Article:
THE BURNING SKY by Ron Faust

THE BURNING SKY

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KIRKUS REVIEW

A small, clearly imagined adventure thriller that has its debts to Hemingway's ""The Short Happy Life of Francis Macomber."" Ben Pierce, a rancher who speaks in fresh, crisp, uppity tones, is losing his ranch to bankers and lawyers, and so he tries to save it by turning the spread into a big-game hunting preserve for rich Texans and others. For multimillionaire Tom Stuart, he has gathered four cats to hunt--a jaguar, a leopard, and two adult mountain lions--and may throw in a buffalo and an antelope if persuaded. Ben's hunting activities have been turning sour in his mouth, but Stuart, who has shot great beasts around the world, is raring for the slaughter. During this expedition he hopes to loosen up, to ""blood"" his asthmatic son (with the jaguar) and his frigid, nymphomaniac, schizophrenic wife Meredith (with a mountain lion). A bit heavy on the irony, psychology, and the symbolism of the hunt, but Faust does manage to make you care about people you don't like--and the hunting/fishing scenes shiver with authenticity. Overall, a good trip through rough country.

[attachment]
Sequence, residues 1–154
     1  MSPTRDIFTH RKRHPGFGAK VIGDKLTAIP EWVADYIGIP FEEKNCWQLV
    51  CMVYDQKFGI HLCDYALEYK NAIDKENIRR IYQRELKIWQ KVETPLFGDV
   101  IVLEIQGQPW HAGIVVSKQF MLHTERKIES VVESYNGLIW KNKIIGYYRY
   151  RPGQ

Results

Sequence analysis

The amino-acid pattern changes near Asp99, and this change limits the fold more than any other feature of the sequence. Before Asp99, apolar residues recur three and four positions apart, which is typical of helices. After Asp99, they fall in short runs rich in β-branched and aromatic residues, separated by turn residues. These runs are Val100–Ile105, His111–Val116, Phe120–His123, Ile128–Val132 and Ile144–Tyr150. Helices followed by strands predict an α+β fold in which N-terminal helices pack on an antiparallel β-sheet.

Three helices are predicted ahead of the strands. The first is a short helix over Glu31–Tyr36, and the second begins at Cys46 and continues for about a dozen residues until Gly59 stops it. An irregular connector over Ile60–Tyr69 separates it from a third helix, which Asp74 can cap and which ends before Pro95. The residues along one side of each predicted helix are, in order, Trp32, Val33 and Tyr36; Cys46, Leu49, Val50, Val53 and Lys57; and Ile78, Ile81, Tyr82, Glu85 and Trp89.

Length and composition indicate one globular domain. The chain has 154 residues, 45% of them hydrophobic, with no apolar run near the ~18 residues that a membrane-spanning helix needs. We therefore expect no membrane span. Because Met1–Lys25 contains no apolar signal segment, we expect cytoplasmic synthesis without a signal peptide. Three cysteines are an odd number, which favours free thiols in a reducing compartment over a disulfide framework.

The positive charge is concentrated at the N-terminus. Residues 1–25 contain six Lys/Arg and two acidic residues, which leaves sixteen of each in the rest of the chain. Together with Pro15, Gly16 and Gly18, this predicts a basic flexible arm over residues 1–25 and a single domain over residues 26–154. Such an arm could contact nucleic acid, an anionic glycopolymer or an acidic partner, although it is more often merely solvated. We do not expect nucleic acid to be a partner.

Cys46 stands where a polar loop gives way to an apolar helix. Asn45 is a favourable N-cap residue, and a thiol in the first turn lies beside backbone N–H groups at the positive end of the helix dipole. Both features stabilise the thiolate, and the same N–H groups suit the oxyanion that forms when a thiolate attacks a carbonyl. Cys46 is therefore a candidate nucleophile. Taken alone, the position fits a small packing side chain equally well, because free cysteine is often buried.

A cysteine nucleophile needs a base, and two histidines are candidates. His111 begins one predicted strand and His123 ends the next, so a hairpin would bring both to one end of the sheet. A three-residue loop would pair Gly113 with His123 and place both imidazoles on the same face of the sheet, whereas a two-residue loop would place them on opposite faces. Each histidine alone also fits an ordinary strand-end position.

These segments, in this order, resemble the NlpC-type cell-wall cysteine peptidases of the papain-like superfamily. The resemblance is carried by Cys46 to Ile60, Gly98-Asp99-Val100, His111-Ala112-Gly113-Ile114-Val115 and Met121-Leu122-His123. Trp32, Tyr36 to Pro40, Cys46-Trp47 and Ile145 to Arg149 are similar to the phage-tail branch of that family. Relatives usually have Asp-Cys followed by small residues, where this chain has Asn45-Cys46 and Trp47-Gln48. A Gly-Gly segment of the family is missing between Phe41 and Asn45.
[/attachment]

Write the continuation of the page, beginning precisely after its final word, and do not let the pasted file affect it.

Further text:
Pub Date: Sept. 29th, 1978
Publisher: Playboy Press--dist. by Simon & Schuster